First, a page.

Lala Lala "Utopia Planet"

Lala Lala has released the latest single, "Utopia Planet", from their brand new album, I Want The Door To Open, which is out today via Hardly Art.

The video is a 3D animation from Meggie van Zwieten and fits beautifully with the lyrics and sounds of the new single.

You can catch Lala Lala tonight, October 8th, at Thalia Hall with Divino Niño and Kara Jackson. They will be touring the country and Europe all winter.

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The Footlight District "War Paint"

The Footlight District have released a new single called "War Paint". This is the first new music from the group of siblings since the release of their 2019 album, Fairytales for the Dark Age.

You can catch The Footlight District at Carol's Pub on October 31st with Fluorescents and Black Bolts.

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Work Party “Real Charmer”

Work Party recently released the latest single, "Real Charmer", from their brand new album, My Best Days Are Behind Me, which was released on October 1st via Triple Eye Industries.

The video for the single finds the band caught up in an extremely messy and sloppy food fight.

You can help Work Party celebrate the new record on October 7th at Reed's Local with These Beasts and Salvation.

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VIDEO: Dinner | ‘Connection’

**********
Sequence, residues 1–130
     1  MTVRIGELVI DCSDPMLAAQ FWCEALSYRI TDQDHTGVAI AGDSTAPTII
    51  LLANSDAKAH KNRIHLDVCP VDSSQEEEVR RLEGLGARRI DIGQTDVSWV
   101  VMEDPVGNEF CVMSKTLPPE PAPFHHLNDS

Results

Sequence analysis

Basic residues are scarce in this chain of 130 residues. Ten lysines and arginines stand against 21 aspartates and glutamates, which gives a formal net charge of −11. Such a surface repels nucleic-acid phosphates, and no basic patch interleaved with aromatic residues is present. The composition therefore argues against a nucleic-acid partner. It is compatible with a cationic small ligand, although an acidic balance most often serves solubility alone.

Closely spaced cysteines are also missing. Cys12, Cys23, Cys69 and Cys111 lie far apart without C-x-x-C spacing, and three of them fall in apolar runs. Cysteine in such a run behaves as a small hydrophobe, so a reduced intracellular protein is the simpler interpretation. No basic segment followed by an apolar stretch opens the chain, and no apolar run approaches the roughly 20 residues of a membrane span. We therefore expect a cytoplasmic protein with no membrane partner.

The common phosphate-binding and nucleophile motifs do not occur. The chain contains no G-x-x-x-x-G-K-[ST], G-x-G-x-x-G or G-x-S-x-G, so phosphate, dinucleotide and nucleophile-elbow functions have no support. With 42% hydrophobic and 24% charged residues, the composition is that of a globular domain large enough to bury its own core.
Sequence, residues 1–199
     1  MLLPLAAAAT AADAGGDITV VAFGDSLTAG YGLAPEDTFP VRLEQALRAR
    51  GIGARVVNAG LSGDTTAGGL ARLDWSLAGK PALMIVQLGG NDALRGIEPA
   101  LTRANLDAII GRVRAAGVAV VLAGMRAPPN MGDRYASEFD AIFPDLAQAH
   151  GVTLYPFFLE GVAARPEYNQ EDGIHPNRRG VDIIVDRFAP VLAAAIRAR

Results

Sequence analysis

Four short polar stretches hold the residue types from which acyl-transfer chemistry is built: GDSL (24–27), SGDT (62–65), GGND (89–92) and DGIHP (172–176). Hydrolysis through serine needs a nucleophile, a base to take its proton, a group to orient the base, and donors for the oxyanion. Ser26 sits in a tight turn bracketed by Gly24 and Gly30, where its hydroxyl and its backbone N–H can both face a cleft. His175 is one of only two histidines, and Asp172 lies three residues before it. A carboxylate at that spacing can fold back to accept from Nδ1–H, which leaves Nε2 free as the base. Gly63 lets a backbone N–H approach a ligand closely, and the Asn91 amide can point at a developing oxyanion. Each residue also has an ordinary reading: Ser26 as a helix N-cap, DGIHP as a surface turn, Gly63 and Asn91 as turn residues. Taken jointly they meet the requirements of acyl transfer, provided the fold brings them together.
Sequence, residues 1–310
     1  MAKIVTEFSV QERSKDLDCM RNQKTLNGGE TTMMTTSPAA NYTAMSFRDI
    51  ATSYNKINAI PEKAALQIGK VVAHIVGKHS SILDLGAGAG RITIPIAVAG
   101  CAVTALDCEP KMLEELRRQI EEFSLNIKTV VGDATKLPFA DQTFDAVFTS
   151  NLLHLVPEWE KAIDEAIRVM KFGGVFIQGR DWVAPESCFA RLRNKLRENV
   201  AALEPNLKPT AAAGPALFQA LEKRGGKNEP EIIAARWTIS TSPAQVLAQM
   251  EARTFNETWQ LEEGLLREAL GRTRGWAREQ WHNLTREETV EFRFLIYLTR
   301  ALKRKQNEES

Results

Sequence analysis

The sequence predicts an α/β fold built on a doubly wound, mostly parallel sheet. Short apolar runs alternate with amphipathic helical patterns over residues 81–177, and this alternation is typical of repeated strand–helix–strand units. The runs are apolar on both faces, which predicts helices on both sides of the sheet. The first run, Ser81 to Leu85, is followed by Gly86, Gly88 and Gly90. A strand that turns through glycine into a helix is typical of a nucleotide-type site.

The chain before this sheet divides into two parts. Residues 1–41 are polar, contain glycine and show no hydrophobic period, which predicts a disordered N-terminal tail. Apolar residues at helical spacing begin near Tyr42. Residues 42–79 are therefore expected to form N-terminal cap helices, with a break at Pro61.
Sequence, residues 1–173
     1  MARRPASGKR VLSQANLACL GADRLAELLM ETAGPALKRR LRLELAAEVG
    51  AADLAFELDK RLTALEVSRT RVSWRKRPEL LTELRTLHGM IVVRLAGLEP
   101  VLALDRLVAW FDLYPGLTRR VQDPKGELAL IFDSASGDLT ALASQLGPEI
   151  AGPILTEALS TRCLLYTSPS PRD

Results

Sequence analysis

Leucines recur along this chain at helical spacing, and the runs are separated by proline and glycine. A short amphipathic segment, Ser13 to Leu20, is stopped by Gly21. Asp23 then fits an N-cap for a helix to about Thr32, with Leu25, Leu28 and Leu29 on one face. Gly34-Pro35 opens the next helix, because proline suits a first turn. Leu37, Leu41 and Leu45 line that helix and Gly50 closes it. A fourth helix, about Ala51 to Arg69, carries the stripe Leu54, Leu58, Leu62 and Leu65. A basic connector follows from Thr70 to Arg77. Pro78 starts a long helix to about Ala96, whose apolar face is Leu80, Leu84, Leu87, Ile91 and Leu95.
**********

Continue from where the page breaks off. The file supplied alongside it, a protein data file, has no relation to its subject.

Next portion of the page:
photo credit: Anders Rhedin

 

 

Dinner, the project from Danish multi-instrumentalist Anders Rhedin, premieres the Annabel Van Royen-directed music video for “Connection,” (featuring vocals from Molly Burch) the second single from Dinner’s new album Dream Work, due for release October 22nd on Captured Tracks

The track opens with an organic-sounding, lightly-phased synth pad that evokes hazy rays of morning sun breaking through an overcast sky, before arpeggiated guitar, drum and bass enter to support it. Rhedin’s baritone voice is not the most flashy instrument, but it carries an authentic vibe, as if your good friend or someone at an open mic were singing sincerely and intimately to you. The chorus, where Rhedin is joined by both a heavily-vibratoed lead guitar and the subtly ethereal backing vocals of Burch, is a pleasing, satisfying climax with a vibe halfway between 60s “groovy” and 2020s sheen. Rhedin walks a fine line here but the warm, three-dimensional production and the unfussy arrangement meld seamlessly.

The music video, meanwhile, goes for even more understated. Shot in a single location—a gently smoke-filled midcentury modern building in a sun-lit wood, a young woman in contemporary clothing alternately paces, plays with herself as if she’s a puppet, and flashes smiles for short moments before reverting to an expressionless visage. Regarding the video, director van Royen explains: "The video is a portrait of a young person expressing themselves with their body in the space and through connection with the viewer." Adds Rhedin: "I had many long talks with Annabel, the director. I thought I was going to be very involved with this video. But in the end, I just had to let go, and trust Annabel’s ideas and her vision. Let her creativity take over. I’m very glad that I did. To me the video is about a liminal state between reality and something else." Gabe Hernandez